BIBLIOTHECA ANTIQUA. Art. X.-Coryat's Crudities hastily gobled up in five
Moneths Travels in France, Sauoy, Italy, Rhetia, comonly called the Grisons Country, Heluetia alias Switzerland, some parts of High Germany, and the Netherlands ; newly digested in the hungry aire of Odcombe, in the county of Somerset, and now dispersed to the nourishment of the trauelling Members of this Kingdome. London.
Printed by W. S. 1611. Pp. 665. Perhaps there never was a book of travels that in its time excited more attention than that before us, and a review of, and some extracts from it, will not be uninteresting while the present expatriating mania reigns. The town has been saturated with minute details of recent expeditions to various parts of the Continent, and it will now have an opportunity of learning something, from a writer at least as curious in his researches, of the appearance and condition of the same places, and of the manners and customs of the same people, more than two hundred years ago.
The author, the book, and the manner in which it was ushered into the world, are all singular. Thomas Coryat, or Coryate, was born at Odcombe, in Somersetshire, in 1577, and after having been at Winchester School until he was 19 years old, he was entered a commoner of Glocester Hall, Oxford, where it is said he became a proficient in Greek and Latin, having a great facility in learning languages. He however does not appear to have taken any degree, for in about three years he came to London, and was received into the household of the liberal and amiable Prince Henry, who allowed him a pension: some writers assert that he was in a menial capacity, and others that he filled the office of Fool, then a usual appendage to the establishments of the nobility. Fuller (Worthies : Somersetsbire, p. 31) says, that “ he was the courtiers anvil to try their wits upon, and sometimes this anvil returned the hammers as hard knocks as it received, his bluntness repaying their abusiness ;” and Wood follows this authority, calling him the whetstone of the wits of the day. He seems to have been exceedingly fond of making speeches, and before he commenced his travels in 1608, we find him pronouncing several orations at Odcombe, his native place, once having collected above two thousand auditors. In 1608 he set out upon his expedition, and having passed through the countries named in the title, including 45 cities, and traversed, according to a computation inserted on the last page of his work, 1,975 miles, he returned to England in five months. In 1611 he published his Crudities, having previously had some difficulty, in consequence of the sudden death of the Abp. of Canterbury, in procuring a licence, as we find by a MS. letter, printed for the first time in the Biographia Britannica, and afterwards in the Censura Literaria : here he solicits Sir Michael Hixes, Knt. to use his influence for the purpose, observing, “ by his incessant industry and Herculean toil, he wrote so many observations in the foresaid countries as filled very near four quires of paper;” and adding, that Sir M. Hixes would have no hesitation, did he 6 but know wbat intolerable pains he took with his travels both by day and night, scarce affording himself two hours rest sometimes of the twentyfour.” This book, by permission was dedicated to Prince Henry, before whom and " a great assembly of courtiers" he delivered an oration-doubtless a panegyric upon himself and his work.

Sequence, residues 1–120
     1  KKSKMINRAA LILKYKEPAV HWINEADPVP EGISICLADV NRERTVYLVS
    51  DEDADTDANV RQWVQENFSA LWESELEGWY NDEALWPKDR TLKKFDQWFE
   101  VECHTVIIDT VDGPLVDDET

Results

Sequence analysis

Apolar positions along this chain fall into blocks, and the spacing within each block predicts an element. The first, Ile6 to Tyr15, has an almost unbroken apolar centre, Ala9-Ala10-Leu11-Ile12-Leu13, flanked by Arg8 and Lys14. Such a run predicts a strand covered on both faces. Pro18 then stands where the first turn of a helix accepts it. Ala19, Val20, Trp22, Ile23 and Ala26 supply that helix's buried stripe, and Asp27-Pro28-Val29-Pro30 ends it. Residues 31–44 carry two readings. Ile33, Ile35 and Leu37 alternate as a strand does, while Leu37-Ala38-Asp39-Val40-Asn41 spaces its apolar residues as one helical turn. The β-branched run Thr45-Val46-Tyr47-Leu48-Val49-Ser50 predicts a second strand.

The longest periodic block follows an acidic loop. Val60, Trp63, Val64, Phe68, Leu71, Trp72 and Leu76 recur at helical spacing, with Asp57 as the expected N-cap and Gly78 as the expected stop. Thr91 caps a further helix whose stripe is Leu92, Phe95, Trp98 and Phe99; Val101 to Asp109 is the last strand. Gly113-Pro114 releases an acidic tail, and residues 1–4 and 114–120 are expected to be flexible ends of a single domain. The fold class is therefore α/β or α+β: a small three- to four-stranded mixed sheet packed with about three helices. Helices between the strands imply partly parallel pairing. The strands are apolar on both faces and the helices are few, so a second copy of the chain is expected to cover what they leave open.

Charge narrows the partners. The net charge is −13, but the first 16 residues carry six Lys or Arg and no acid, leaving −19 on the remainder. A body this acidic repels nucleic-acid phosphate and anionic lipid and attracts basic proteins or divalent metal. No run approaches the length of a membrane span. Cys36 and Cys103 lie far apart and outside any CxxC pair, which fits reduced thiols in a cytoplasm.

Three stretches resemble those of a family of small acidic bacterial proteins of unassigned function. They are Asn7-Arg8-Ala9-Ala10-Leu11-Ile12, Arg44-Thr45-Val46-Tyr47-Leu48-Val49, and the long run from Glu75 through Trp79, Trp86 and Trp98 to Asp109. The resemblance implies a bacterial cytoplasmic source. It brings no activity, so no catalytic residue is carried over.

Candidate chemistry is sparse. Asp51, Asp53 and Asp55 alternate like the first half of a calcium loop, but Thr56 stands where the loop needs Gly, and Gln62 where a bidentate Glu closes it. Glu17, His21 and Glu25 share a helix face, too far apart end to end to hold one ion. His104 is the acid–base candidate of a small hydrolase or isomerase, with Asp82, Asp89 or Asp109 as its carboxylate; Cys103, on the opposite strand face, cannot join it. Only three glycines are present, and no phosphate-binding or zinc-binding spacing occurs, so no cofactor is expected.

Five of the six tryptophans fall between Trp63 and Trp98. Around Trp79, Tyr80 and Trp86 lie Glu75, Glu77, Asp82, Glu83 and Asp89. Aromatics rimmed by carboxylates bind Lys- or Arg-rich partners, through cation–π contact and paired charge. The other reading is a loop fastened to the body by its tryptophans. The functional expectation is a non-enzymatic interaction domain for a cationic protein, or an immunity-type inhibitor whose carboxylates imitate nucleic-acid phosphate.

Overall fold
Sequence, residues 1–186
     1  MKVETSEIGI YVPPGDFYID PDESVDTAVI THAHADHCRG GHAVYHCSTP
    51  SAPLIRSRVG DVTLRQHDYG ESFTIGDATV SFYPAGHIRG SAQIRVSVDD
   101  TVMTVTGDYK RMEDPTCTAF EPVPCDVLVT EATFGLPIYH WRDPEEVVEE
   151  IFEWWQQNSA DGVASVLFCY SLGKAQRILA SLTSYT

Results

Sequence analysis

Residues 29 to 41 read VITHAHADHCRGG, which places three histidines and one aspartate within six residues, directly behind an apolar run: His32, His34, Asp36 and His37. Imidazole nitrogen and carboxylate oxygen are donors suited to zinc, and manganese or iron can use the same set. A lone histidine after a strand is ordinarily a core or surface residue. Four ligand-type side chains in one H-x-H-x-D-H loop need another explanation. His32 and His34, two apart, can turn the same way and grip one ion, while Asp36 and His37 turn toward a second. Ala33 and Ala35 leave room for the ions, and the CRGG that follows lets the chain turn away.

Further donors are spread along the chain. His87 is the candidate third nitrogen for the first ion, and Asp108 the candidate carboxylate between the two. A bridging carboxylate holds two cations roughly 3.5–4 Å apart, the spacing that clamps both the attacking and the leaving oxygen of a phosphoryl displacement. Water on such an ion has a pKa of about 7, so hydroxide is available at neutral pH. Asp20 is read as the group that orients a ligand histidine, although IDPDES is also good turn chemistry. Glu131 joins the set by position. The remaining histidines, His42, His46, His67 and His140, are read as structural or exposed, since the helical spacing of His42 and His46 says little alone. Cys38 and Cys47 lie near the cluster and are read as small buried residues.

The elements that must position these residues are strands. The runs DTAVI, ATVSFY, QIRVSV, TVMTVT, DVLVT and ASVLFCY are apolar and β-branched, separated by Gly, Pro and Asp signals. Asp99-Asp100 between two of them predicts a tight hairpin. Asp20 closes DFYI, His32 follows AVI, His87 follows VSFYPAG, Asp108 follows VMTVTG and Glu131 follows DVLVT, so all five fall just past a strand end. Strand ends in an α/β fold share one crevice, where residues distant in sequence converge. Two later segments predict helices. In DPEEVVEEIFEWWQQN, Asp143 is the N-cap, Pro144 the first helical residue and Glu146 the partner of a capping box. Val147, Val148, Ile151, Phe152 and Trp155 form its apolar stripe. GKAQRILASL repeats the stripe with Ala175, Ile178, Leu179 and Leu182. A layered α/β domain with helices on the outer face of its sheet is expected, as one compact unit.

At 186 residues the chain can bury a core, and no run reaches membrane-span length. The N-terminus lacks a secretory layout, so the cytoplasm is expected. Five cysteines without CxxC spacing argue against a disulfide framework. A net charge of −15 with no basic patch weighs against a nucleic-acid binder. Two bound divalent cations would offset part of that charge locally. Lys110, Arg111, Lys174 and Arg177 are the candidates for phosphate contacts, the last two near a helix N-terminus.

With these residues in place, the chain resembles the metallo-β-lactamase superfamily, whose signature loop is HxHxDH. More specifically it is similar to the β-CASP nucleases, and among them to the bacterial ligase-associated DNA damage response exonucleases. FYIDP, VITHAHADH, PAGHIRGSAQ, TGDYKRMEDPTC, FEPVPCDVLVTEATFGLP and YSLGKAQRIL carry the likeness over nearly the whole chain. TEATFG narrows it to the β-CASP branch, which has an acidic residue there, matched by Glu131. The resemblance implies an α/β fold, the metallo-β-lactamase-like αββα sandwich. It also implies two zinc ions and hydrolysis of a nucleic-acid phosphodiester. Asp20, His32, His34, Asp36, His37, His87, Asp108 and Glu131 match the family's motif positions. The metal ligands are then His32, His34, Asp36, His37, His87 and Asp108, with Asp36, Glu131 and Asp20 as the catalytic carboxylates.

In the year 1611 was also published “ Croyat's Crambe, &c. as the second course to the Crudities ;" and in 1612, having made a long harangue at Odcombe, he again went abroad, not intending to return till ten years had elapsed His stay in foreign parts, however, was protracted (no doubt much against his will) by death; for having journied over
his travels, but knoir M. Hifpear four
Turkey, Palestine, Persia, Ægypt, Morocco, and India, he was seized with a Diarrhæa at Surat, which proved fatal in 1617. Speaking of the appearance of this most eccentric being, Fuller says, that “ he carried folly in his very face; the shape of his head had no promising form, being like a sugar-loaf inverted, with the little end before, and composed of fancy and memory without any common sense.”-Physically at least, he seems to have been admirably fitted for a traveller, for his patience and endurance were such, that in the language of one who had very likely seen bin, " he seemed cooled with heat, fed with fasting, and refreshed with weariness ;” and as to his personal comforts, “ he counted those men guilty of superfluity who had more suits and shirts than bodies, seldom putting off either until they were ready to go away from him.”
Coryate possessed an inordinate share of vanity; and as he received with the utipost sensitiveness any apparent neg. lect of his talents, so, on the other hand, he swallowed with proportionate greediness the most fulsome panegyrics, not discovering the line between flattery and satire, and between applause and ridicule. This quality led to one of the great singularities of the book before us, for the wits of the day, learning the intention of Coryate to print his Crudilies, determined to make a butt of him, and fired against him more than fifty mock-commendatory copies of verses in Greek, Latin, English, French, Italian, and the Utopian language, which Coryate was ludicrously reported to have acquired. In the simplicity of his self-conceit, the author annexed all these burlesques to his work, which Fuller observes, “ is not altogether useless, though the porch be more worth than the palace.” Of course much of the wit and humour of these pieces died with the remembrance of the peculiarities of the man, but among the writers of them are most of the great names in poetry of that day - Ben Jonson, Michael Drayton, Sir John Harington, John Davies of Hereford, Dr. Donne, &c.
During his five months travel, which, as Fuller drolly ex. presses it, he performed principally on a ten-toed horse, he wore only two pairs of shoes strengthened with horn. One of these two pair was afterwards actually hung up as a votive offering in the church of Odcombe, encircled with a wreath of laurel, and explained by the subsequent Latin inseription, written by Henry Peachum, author of " The Complete Gentleman,” &c.